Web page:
Video: Herman Cain downplays race, gender in 2012
CEDAR RAPIDS — Although it was difficult to turn on the television or pick up a newspaper in the lead-up to the 2008 presidential contest without reading a story about how a woman or a black man was going to fare in Iowa’s first-in-the-nation caucuses, Herman Cain says that particular “novelty” has passed.
“I think President Barack Obama does get some credit for being the first African American running for president,” Cain told The Iowa Independent Tuesday night at a Linn County GOP chili cook-off. “It’s not talked about as much this time because the novelty of happening to be of a darker hue, or the novelty of happening to be a female isn’t as big of a news story as it might have been in 2008.
“I believe that the big story in 2011 and 2012 is not going to be about color, not going to be about gender, but about content of ideas and character. That’s what the story is going to be about.”
Any residual belief that the residents of predominantly non-ethnic Iowa aren’t open to welcoming and promoting another person of color, he said, should be cast aside.
“I have absolutely no qualms about me being an American black conservative — I’m an A.B.C. — I don’t want anybody else to label me. I’m an A.B.C., an American Black Conservative,” he said.
“I have been so warmly received by the people here in Iowa. They aren’t looking at color. They are looking at the content of my ideas. They are looking at my character and they are looking at what I can bring to the table as a leader in the toughest job in the world as President of the United States of America.”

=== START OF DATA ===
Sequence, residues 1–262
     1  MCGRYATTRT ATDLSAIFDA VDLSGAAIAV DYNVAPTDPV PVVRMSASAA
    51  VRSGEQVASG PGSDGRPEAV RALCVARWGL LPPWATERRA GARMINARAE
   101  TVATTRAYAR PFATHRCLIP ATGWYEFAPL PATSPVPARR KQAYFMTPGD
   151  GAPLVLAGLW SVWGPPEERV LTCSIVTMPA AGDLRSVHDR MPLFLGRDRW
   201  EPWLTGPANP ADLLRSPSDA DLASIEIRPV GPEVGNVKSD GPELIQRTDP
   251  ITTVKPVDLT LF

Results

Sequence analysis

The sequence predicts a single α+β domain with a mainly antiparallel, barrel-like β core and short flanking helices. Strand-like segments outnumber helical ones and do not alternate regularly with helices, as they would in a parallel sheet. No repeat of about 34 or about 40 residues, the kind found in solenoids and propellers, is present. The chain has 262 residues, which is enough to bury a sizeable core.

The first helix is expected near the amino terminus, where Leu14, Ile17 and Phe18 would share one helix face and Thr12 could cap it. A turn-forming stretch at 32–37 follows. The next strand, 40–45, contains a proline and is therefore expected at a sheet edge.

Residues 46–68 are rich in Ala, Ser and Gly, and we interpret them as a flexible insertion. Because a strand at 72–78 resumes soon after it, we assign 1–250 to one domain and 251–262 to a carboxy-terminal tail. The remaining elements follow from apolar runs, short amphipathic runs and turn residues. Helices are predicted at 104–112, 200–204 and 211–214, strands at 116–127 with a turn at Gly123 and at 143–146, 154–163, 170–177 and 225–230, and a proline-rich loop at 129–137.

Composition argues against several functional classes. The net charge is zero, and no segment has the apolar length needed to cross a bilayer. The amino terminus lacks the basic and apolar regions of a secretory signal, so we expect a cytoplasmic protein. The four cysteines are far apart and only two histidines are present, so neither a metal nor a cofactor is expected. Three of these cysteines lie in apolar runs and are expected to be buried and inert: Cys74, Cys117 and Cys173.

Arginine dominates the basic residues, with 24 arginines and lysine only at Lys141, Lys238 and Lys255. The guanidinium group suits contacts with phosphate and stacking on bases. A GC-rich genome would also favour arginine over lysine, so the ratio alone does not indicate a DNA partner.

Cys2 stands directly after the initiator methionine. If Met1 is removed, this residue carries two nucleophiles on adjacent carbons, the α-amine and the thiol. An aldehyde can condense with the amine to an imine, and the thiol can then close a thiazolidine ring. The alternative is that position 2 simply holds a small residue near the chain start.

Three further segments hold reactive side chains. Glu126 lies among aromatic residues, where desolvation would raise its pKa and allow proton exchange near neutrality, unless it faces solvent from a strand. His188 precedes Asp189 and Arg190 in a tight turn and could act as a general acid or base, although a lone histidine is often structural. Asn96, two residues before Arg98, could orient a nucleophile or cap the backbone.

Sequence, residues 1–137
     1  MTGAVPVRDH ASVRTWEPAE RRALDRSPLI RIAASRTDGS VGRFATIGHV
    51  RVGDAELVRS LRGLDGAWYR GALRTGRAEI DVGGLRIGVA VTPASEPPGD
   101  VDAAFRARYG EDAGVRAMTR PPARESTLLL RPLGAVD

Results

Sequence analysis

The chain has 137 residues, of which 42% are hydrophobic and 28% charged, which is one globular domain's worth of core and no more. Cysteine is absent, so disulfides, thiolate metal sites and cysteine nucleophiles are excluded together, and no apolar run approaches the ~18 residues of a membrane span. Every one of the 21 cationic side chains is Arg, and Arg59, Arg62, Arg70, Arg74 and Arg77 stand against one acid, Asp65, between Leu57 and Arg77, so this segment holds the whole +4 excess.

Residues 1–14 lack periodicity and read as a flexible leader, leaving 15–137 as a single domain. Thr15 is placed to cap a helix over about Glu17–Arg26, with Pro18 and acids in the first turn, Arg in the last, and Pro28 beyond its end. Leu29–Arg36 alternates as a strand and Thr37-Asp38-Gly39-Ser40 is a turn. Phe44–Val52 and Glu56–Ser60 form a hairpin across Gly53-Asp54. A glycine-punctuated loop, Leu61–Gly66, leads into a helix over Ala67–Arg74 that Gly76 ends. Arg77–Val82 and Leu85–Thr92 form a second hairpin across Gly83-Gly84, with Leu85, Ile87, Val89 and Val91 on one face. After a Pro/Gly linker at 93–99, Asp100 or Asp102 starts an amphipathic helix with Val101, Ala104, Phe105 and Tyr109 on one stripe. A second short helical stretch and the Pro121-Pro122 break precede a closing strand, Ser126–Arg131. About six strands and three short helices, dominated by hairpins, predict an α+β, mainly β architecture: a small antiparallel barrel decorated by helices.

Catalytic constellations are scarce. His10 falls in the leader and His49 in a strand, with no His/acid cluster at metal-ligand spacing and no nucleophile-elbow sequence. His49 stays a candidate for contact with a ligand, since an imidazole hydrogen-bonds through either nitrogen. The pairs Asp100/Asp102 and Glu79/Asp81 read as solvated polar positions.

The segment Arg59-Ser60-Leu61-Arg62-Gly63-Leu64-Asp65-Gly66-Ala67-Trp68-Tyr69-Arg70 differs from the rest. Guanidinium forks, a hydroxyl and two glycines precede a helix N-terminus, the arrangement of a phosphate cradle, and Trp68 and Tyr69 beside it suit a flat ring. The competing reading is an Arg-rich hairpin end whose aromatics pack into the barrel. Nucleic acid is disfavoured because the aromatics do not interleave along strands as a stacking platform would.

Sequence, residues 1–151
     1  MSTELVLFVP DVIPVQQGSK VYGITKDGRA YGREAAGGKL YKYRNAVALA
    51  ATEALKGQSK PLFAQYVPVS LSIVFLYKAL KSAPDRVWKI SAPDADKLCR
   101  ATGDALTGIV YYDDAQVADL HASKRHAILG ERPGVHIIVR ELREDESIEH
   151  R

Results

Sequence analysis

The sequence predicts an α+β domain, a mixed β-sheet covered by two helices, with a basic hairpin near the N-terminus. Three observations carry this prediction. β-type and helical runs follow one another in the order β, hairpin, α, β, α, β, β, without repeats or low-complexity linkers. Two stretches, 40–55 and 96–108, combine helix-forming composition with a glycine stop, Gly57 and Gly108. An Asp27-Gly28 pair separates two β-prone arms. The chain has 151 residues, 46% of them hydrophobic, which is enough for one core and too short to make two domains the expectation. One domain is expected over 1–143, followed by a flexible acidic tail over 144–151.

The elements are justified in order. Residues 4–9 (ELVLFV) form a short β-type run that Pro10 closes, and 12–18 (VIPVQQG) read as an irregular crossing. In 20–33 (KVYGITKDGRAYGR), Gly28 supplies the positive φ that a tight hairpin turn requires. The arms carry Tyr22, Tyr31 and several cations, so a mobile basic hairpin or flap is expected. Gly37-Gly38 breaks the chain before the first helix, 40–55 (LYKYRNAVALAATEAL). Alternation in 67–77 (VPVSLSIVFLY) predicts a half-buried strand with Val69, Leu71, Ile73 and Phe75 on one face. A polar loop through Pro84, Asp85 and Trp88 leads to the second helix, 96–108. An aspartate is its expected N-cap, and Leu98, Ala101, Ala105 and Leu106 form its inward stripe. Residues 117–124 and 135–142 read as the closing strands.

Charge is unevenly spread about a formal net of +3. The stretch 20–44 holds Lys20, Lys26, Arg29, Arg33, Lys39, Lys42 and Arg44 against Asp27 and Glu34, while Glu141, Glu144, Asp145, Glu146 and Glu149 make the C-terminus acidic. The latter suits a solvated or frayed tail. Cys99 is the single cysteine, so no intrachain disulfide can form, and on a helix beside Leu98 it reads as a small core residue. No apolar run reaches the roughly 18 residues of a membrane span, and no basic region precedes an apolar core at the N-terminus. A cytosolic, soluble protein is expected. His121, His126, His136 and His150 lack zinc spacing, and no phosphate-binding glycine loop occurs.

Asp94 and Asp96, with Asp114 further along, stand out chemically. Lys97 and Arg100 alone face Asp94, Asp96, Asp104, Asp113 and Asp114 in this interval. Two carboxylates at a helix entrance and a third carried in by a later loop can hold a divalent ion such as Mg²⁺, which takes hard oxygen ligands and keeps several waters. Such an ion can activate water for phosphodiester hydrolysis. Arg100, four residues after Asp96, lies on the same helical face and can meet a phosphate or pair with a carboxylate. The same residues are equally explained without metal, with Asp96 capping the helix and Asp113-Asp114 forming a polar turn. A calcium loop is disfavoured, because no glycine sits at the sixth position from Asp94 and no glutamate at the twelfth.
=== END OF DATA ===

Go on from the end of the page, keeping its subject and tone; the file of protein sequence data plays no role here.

If his public remarks were any indication, Cain is right. From the moment he entered the event, he was greeted with warm embraces, applause and firm handshakes. Before he was ushered to his awaiting chair at the front table, he was first brought cups of chili for taste-testing. When he was finally given the microphone, his voice flowed easily between a slow and deliberate cadence, sprinkled with “that’s rights” and “amens” from the audience, to a booming crescendo filled with urgent rifts of rhyme, often difficult to hear to the end due to applause.
He’s also right about being immune to labels. He’s part Southern Baptist preacher, pulling his flock toward stark realities while simultaneously offering glimpses of a future promised land. He’s polished, but not brass or pretentious. He’s wealthy, but hasn’t forgotten his family’s roots in poverty. He’s comfortable around others, quick with a smile and a laugh, and, obviously, a lover of life’s journey.
He’s the archetypal hero of Joseph Campbell fame — a self-made man of ordinary beginnings that seems poised to answer the call of a new adventure full of promise not only because of the victory that could be his own, but because of what he believes will result for everyone once the task is complete.
“I didn’t get the memo about this country,” Cain told event attendees, relating the state of the country to the dismal state of Godfather’s Pizza when he was asked to take it over and ultimately led it back to prosperity. “I believe we can turn things around.”
He wants to change the tone in America, he said, and make it acceptable again to be successful.
“There are folks who want to make us feel guilty,” Cain said. “But I’ve earned my success and I’m proud of it. … We don’t have to apologize for it.”
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